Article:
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Ana Maria Pacheco

Dark Night of the Soul
Sculptures : November 9, 2007 — August 3, 2008

Members’ Preview Reception Thursday, November 8, 2007, 6 - 8 p.m.
Special artist talk Sunday, April 6, 2008, 3 p.m., Framingham Civic League. Tickets at 508.620.0050 x16.

The Danforth Museum of Art is pleased to announce a special appearance by internationally renowned exhibiting artist Ana Maria Pacheco. The artist will speak about her work on Sunday, April 6, 2008 at 3 p.m. at the Framingham Civic League. Please call 508.620.0050 x16 to purchase tickets.

The Danforth Museum of Art is pleased to present Dark Night of the Soul, an installation of nineteen polychromed wood figures arranged around the kneeling figure of a hooded man transfixed with arrows. Pacheco has studied many examples of Sebastian imagery, a Roman archer shot full of arrows as a punishment for his conversion to Christianity. Certainly, there is a reference to the National Gallery’s great altarpiece by the brothers Pollaiuolo, dating from the 1470’s. However, Dark Night of the Soul was inspired more by the writings of the Spanish mystic St. John of the Cross, to suggest a struggle deep within one’s self as opposed to actual martyrdom.

Ana Maria Pacheco (sculptor, painter and printmaker) was born in Brazil in 1943. Following degrees in both Art and Music, she taught and lectured for several years at universities in Goias before going to London, England on a British Council Scholarship to the Slade School of Fine Art. Since 1973 she has lived and worked in England.


Exhibition Press - Dark Night of the Soul

Critics' picks - visual arts : Dark Night of the Soul
The Boston Globe, March 9, 2008
   [Read more]

“Silent witness - Sculptures conjure up specter of torture”
By Greg Cook, The Boston Globe, February 29, 2008

      “In the darkness stands a crowd of agitated people. When you walk between them, at their center you find a man, naked except for a black bag over his head. He would easily be the tallest in the room if he stood up. But he is kneeling, with his hands pulled behind him and tied to a post. And he is shot full of arrows.
      So it goes in Ana Maria Pacheco's haunting sculptural installation Dark Night of the Soul at the Danforth Museum.    . . .  [Read more]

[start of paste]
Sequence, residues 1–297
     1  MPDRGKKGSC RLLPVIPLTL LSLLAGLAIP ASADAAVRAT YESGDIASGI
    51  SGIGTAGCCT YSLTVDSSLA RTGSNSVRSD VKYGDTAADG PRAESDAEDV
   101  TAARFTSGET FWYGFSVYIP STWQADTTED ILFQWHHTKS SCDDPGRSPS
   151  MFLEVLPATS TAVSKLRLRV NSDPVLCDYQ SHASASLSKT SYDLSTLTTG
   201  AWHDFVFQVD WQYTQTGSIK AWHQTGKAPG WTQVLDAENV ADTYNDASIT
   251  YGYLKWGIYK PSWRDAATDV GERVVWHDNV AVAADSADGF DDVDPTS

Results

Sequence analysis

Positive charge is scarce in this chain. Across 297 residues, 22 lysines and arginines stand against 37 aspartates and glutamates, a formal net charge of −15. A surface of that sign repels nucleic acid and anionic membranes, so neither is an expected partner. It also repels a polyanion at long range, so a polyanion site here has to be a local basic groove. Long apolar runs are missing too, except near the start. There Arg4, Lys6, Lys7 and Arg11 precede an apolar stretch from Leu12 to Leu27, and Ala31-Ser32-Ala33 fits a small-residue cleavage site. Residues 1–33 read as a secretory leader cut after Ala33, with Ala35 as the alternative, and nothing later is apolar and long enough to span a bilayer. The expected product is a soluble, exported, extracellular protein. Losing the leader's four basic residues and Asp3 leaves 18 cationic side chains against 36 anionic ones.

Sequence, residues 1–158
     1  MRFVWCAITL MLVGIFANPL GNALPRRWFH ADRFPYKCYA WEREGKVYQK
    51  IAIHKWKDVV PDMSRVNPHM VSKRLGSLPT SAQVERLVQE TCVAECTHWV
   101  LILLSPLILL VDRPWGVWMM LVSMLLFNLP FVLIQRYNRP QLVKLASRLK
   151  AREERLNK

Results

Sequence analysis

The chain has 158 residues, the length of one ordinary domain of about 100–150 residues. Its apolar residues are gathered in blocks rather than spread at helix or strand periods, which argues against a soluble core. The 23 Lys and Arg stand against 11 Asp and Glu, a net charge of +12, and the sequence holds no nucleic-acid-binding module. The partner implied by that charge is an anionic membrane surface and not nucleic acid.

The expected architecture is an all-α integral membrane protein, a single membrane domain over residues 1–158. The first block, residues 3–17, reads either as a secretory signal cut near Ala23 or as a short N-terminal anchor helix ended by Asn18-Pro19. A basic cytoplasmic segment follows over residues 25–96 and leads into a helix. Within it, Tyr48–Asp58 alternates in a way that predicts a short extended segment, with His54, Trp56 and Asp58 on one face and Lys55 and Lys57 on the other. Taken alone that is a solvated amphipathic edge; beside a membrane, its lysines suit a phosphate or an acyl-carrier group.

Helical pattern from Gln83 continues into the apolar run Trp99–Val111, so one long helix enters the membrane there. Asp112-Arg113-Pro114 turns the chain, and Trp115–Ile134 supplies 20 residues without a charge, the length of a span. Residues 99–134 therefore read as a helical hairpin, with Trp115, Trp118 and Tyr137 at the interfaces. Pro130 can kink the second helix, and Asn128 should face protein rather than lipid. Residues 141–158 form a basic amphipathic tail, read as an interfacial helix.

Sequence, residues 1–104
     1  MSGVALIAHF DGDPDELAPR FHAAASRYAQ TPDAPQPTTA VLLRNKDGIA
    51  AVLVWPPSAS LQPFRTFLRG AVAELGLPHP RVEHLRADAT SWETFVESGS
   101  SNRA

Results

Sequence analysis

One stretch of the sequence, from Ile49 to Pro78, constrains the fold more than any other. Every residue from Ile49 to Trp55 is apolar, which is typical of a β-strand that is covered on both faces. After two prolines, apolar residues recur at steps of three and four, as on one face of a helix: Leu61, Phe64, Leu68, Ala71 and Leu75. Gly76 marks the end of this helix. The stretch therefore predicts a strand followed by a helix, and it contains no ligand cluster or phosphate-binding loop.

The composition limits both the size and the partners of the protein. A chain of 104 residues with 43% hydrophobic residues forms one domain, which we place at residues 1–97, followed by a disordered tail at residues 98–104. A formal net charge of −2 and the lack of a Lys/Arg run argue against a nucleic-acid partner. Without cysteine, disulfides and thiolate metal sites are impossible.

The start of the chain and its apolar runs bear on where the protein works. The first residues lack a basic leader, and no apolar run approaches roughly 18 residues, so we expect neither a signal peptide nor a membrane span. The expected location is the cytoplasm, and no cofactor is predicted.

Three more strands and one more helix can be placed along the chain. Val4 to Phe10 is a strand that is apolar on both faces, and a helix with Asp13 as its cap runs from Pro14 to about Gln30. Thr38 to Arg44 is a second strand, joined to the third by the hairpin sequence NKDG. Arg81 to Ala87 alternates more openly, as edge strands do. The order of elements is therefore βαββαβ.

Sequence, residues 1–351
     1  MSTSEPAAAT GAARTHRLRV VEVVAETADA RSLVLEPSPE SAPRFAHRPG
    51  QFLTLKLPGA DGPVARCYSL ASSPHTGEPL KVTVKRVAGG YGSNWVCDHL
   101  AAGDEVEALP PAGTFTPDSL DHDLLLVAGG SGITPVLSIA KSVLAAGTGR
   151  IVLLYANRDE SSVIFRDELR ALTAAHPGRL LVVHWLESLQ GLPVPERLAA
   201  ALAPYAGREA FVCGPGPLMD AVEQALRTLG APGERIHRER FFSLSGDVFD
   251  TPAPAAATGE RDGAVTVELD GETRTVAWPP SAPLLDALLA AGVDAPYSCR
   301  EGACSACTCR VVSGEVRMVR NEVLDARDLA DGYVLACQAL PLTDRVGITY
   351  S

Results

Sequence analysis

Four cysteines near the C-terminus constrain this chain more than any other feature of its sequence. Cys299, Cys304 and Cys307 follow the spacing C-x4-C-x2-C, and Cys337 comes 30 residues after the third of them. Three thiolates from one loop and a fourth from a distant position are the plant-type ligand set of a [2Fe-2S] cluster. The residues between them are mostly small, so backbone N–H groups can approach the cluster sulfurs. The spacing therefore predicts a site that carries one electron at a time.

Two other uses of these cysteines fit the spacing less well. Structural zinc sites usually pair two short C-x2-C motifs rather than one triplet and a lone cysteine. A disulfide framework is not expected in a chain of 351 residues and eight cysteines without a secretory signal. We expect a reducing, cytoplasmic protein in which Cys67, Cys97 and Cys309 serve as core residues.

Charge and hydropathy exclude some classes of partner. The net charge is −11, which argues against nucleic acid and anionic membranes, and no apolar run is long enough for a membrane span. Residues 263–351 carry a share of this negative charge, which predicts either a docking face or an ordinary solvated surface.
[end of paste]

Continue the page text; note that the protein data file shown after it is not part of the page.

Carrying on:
“Nightmare on Union Avenue - Danforth hosts haunting work by Brazilian sculptress”
By Chris Bergeron, The MetroWest Daily News, November 8, 2007

. . .  As if ripped from today's headlines, Pacheco's disturbing sculptural installation evokes the cruelty and violence slumbering beneath the humdrum surface of everyday life. Through remarkably detailed wooden figures, the Brazil-born, London-based artist has transformed the iconic image of St. Sebastian, a Roman soldier martyred for converting to Christianity, into a hallucinatory tableaux that spans the ages.
. . .  The most dramatic artwork shown at the Danforth in recent years, Pacheco's installation resists a singular interpretation. Instead it conjures her own hellish vision of injustice in ghostly archetypes drawn from the human catalog of man's inhumanity to man. Walking among the piece's haunting figures, visitors might imagine falling through the rabbit hole of history into the Inquisition, the Gulag or the killing fields of Cambodia.   . . .  [Read more; see pictures of exhibition and installation; view video of exhibit]

“A Happy Opening for Danforth - Scandal Nearly Snagged Carvings by Brazilian Artist”
By Denise Taylor, The Boston Globe, November 8, 2007

      “When a gallery scandal in New York rocked the art world last month, it also caused quite a few sleepless nights for a museum director in Framingham.
      For two years, Katherine French has been raising funds and planning for the Danforth Museum of Art's most ambitious exhibition to date: an installation of monumental wood carvings by renowned Brazilian artist Ana Maria Pacheco.
  . . .  Titled the Dark Night of the Soul, the installation addresses religious and political issues in Brazil with imagery from the story of St. Sebastian. With 18 figures gathered around a hooded, arrow-pierced man, it's not a light-hearted display.
      “Basically, it's an execution, the execution of St. Sebastian, and you're allowed to walk into the sculpture area. You don't look at it from a distance,” said French. “It's very compelling. It's like the theater. You really feel moved. You feel that you've become part of that experience.”
      Carved in a style recalling Catholic icons as well as African tribal art, they evoke many traditions from Pacheco's homeland. But it's her attention to detail, such as creating mouths with porcelain teeth, that adds emotional potency.   . . .   [Read more]

Ana Maria Pacheco, Dark Night of the Soul
Dark Night of the Soul
Wood Sculptures
Photograph © National Gallery, London




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